What is long COVID and how can it be treated?

The effects of the pandemic have been significant, and we’ve seen the impact of long COVID on physical and mental health. GP and Dermatology Lead Dr Unnati Desai explains the symptoms of long COVID, and how you can both self-manage and get rehabilitation for these.

What is long COVID?

According to the NICE guidelines, the course of a COVID-19 illness can be split into the following phases:

  1. Acute COVID-19 – symptoms of COVID-19 that last for up to 4 weeks
  2. Ongoing symptomatic COVID-19 – symptoms of COVID-19 that last 4 to 12 weeks from the onset of the acute phase
  3. Post-COVID-19 syndrome – symptoms that develop during or after a COVID-19 infection, which continue for more than 12 weeks and aren’t explained by an alternative diagnosis. 

‘Long COVID’ is commonly used for both ongoing symptomatic COVID-19 and post-COVID-19 syndrome.

Long COVID isn’t an illness that can be passed on to others like the acute COVID-19 infection – it’s a result of how your body has responded to the viral illness and affects everyone differently. 

How common is long COVID?

Recovery from COVID-19 varies from person to person. Most people improve within a few days of the initial symptoms and recover within the first 4 weeks. For some it may take up to 12 weeks to fully recover, and for others, symptoms persist for much longer.

The severity of your case of COVID-19 doesn’t reflect your chances of developing symptoms of long COVID, how significant the persisting symptoms will be, or how long your symptoms will last.

National data published in December 2020 estimates that 1 in 5 people who tested positive for COVID-19 have persisting symptoms that continue for over 5 weeks, and 1 in 10 people have persisting symptoms that continue for over 12 weeks. So we estimate that 20% of people with a COVID-19 illness are at risk of ongoing symptomatic COVID-19, while 10% are at risk of post-COVID-19 syndrome. 

What are the symptoms of long COVID?

Long COVID symptoms vary significantly as the illness can affect any system of the body. It can result in localised or multisystem inflammation, leading to abnormal functioning of various organs, as well as blood-clotting issues.

Common symptoms of long COVID include:

  • fatigue
  • fever
  • aches/pains
  • headache
  • breathlessness and cough
  • chest pain/tightness
  • heart palpitations
  • poor concentration or memory
  • disrupted sleep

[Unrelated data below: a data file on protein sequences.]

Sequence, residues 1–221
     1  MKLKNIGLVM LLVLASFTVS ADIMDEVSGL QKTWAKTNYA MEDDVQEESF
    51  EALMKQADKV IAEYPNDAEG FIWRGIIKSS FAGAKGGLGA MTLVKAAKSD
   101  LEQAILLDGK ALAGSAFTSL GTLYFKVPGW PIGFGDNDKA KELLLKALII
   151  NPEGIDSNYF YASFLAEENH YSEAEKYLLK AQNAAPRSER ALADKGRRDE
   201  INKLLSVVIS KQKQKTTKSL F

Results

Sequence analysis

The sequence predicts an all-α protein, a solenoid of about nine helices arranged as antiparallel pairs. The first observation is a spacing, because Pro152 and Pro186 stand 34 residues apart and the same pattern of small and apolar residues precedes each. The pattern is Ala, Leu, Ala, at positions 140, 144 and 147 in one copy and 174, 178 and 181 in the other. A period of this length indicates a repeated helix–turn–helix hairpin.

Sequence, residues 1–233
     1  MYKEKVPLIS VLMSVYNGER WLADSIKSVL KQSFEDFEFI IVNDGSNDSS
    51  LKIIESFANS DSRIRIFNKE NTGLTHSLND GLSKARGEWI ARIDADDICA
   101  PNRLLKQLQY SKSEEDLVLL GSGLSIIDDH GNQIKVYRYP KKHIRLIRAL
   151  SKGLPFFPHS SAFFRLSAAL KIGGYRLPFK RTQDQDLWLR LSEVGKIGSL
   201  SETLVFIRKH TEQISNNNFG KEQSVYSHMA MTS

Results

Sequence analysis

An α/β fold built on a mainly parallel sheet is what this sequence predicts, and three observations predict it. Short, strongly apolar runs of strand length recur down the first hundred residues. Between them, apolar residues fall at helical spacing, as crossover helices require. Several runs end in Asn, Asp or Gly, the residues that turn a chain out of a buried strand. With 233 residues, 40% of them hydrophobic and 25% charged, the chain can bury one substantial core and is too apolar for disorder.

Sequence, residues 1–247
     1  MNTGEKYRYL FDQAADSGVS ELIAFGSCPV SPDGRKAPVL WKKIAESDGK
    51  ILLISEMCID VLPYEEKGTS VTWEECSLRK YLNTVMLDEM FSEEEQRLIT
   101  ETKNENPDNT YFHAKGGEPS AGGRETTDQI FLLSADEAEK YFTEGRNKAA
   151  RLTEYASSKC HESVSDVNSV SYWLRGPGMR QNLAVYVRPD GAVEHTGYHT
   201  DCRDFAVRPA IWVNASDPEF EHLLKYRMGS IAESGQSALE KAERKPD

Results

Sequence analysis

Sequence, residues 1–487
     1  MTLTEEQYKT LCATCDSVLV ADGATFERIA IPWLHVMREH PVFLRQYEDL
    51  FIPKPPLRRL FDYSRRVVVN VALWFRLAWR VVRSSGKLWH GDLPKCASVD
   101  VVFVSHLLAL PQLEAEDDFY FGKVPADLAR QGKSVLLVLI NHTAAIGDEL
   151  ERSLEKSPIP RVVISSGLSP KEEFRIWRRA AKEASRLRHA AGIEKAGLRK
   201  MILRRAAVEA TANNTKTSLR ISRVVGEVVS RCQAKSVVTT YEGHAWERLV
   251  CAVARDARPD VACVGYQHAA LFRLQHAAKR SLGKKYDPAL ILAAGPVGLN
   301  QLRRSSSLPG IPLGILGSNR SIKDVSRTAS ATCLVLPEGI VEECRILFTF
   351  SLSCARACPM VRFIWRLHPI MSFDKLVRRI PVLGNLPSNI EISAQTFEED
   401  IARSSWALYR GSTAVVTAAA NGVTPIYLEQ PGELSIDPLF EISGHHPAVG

• dizziness
  • pins and needles or numbness in the hands/feet
  • abdominal pain, nausea and diarrhoea
  • joint or muscle pains and weakness
  • skin rashes
  • earache and tinnitus
  • loss of taste and/or smell
  • sore throat
  • low mood, anxiety and depression.

Note that the long-term psychosocial effect of COVID-19 can impact anyone, whether they’ve had the acute illness or not. You may have experienced the economic, financial and social impact of the pandemic, for example through loss of work, uncertainty of the future, and loss of social support systems – all of which can have an effect on your physical and emotional wellbeing.

How can I self-manage long COVID?

There are many things you can add to your daily routine to help manage some of the most common symptoms of long COVID.


  • Try breathing exercises: Focusing on your breathing, slowly take a deep breath in through your nose and then slowly breathe out through your mouth – putting a hand on your chest and stomach can help you concentrate on the movement as you breathe. Doing this for 5 minutes, several times a day, will help you control the rate and improve the depth of your breathing.
  • Sit, lie or stand in certain positions: You can help ease breathlessness by either leaning forward while sitting and resting your hands on your lap; lying down with your knees bent and your feet flat on the floor; or standing up straight or leaning forward with the support of a stable surface.
  • Gradually increase your daily exercise: If you can say a complete sentence without feeling breathless, then you can exercise harder. If you can’t speak at all, then you’re exercising too hard and should stop until your breathing has returned to normal. If you can complete a sentence, stopping twice to catch your breath, then you’re exercising at the right intensity.